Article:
A research team at Yale has found that blocking a kind of cell death called apoptosis in fibrotic diseases of the lung, also blocks the fibrosis, opening new ways of looking at treatment for lung diseases such as pulmonary fibrosis.
Published in the August 2 issue of the Journal of Experimental Medicine, the study, led by Jack A. Elias, M.D., of Yale, examined how a molecule called TGF-beta causes apoptosis and abnormal scarring in the lungs.
Elias said there are a variety of human diseases where normal tissue is replaced with scar tissue that doesn't function the same way as the original tissue. This results in dysfunction of the skin or other involved organ. People can develop fibrosis of the skin, which leads to conditions like sclerodoma, where the skin thickens. When this occurs in the lungs, it is called pulmonary fibrosis. In pulmonary fibrosis, the normally thin lung tissue is replaced with thick, coarse scar tissue that impairs the flow of oxygen into the blood and leads to a loss of lung function.
"Most people think that an excess of TGF-beta is the cause of the fibrosis, so we explored how TGF-beta actually does this," said Elias, who, along with Chun Geun Lee, M.D. and the rest of the team, created a transgenic mouse and targeted TGF-beta into the mouse lungs. This overexpression of TGF-beta caused pulmonary fibrosis in the mouse. This unique experimental system allowed the research team to turn the gene on and off at will. They could time when the production of TGF-beta started and watch the sequence of events that occurred before pulmonary fibrosis developed.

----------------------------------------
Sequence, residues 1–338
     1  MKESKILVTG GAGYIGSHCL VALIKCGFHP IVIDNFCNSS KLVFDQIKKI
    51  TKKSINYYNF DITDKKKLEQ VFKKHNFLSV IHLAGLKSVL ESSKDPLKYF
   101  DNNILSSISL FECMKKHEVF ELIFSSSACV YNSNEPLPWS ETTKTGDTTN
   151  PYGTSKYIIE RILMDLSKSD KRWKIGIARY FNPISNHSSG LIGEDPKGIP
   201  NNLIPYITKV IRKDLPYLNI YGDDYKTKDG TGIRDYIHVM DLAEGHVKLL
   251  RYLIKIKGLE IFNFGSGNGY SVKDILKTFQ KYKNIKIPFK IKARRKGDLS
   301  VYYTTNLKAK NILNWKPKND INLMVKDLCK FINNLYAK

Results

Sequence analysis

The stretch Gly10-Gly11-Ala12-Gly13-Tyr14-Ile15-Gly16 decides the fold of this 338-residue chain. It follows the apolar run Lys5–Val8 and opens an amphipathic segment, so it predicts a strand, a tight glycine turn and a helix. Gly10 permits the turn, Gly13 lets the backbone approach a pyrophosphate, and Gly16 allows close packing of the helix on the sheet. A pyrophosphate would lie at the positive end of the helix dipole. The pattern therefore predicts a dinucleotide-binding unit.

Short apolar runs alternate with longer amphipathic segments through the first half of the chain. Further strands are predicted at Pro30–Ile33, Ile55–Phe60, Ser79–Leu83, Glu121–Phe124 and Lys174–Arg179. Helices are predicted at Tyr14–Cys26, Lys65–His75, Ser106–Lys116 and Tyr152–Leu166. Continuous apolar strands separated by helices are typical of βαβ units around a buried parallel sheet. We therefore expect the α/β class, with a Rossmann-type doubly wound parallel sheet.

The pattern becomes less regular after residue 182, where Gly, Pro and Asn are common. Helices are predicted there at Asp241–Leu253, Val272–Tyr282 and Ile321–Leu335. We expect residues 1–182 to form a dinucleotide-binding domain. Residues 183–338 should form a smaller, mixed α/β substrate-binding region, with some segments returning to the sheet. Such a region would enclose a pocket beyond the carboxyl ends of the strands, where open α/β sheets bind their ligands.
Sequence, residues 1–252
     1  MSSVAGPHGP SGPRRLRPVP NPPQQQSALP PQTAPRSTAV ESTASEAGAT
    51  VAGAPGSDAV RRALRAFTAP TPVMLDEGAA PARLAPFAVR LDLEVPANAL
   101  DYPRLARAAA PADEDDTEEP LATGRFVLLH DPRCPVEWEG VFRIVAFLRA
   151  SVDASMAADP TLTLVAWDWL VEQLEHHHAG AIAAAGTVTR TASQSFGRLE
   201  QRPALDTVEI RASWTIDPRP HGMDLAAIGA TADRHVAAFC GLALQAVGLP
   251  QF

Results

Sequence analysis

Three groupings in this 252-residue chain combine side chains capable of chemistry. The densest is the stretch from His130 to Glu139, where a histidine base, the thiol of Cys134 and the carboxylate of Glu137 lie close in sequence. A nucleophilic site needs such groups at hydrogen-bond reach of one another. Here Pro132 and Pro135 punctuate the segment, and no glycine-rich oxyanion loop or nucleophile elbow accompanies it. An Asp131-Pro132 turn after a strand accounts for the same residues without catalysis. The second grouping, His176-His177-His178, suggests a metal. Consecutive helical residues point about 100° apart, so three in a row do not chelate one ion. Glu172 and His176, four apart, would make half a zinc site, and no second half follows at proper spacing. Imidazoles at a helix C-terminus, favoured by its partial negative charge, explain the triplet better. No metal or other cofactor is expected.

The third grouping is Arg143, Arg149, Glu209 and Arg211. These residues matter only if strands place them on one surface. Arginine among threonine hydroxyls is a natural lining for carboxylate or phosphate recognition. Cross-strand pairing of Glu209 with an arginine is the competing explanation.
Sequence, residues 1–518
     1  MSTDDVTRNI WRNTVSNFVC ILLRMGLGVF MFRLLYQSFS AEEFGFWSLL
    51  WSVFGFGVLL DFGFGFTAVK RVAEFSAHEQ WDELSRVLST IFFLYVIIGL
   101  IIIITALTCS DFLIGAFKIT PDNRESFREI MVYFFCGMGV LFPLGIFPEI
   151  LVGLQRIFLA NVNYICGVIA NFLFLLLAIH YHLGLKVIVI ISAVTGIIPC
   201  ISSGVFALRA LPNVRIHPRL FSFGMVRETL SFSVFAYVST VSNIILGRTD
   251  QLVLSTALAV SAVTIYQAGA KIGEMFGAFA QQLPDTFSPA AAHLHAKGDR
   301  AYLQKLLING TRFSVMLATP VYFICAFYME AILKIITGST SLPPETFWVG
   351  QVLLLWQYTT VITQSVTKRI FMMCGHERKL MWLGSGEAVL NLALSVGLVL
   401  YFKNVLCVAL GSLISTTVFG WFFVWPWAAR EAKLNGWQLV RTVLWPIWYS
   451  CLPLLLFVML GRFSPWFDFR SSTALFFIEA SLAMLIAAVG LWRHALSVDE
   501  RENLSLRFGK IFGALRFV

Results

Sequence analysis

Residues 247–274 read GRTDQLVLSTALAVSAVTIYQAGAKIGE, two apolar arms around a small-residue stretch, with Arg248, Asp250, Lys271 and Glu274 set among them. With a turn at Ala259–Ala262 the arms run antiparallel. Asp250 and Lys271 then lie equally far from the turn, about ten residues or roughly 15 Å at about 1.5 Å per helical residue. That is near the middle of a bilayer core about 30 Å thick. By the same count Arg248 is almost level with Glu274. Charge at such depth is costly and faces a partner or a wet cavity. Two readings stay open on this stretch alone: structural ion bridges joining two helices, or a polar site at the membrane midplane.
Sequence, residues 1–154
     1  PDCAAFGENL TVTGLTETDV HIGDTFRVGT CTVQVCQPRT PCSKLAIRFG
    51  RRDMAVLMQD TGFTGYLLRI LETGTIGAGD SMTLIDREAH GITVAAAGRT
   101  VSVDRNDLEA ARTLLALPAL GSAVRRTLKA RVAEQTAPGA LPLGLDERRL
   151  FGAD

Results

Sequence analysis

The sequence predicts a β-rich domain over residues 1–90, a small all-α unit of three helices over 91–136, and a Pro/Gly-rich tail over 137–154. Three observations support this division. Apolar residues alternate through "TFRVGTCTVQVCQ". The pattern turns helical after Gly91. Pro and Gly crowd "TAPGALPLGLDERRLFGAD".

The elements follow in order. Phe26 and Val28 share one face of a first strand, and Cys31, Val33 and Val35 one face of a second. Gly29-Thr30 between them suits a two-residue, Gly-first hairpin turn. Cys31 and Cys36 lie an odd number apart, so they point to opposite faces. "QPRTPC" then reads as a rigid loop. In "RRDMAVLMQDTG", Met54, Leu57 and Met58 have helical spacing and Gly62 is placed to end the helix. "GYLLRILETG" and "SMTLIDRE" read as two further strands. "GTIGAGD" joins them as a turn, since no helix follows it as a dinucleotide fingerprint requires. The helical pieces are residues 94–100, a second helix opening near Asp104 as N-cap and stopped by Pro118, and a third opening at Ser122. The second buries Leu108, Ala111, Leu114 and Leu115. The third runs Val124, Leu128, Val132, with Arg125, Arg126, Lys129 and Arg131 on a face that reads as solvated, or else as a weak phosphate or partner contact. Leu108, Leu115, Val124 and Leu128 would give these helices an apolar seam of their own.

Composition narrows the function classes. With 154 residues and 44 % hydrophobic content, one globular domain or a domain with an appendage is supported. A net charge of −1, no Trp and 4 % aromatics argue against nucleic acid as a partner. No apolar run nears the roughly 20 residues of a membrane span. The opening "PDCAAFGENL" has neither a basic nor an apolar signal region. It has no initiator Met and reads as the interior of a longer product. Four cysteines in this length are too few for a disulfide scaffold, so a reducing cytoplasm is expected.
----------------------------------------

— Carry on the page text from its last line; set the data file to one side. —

"We discovered that TGF-beta causes the epithelial cells in the lung to die via apoptosis," said Elias. "Up until now, no one has really understood that this cell death comes before and is required for the development of pulmonary fibrosis. This is exciting because when biopsies of the lung from humans with pulmonary fibrosis are examined, fibrosis and apoptosis are observed simultaneously."
"We now know the mechanism involved in apoptosis in the lungs," Elias added. "We could potentially treat fibrotic disorders in the lung by blocking apoptosis and no one has ever done that before."
This latest finding by Elias and his team is part of a large body of work dedicated to research into lung diseases such as asthma and pulmonary fibrosis. The ultimate goal is development of new treatments for these disorders.
Other authors on the study include Soo Jung Cho, Min Jong Kang, Svetlana P. Cahpoval, Patty J. Lee, Paul W. Noble, Teshome Yehualaeshet, Bingeng Lu, Richard A. Flavell, and Robert J. Homer of Yale; and Jeffrey Milbrandt of Washington University School of Medicine.
The above post is reprinted from materials provided by Yale University. Note: Content may be edited for style and length.
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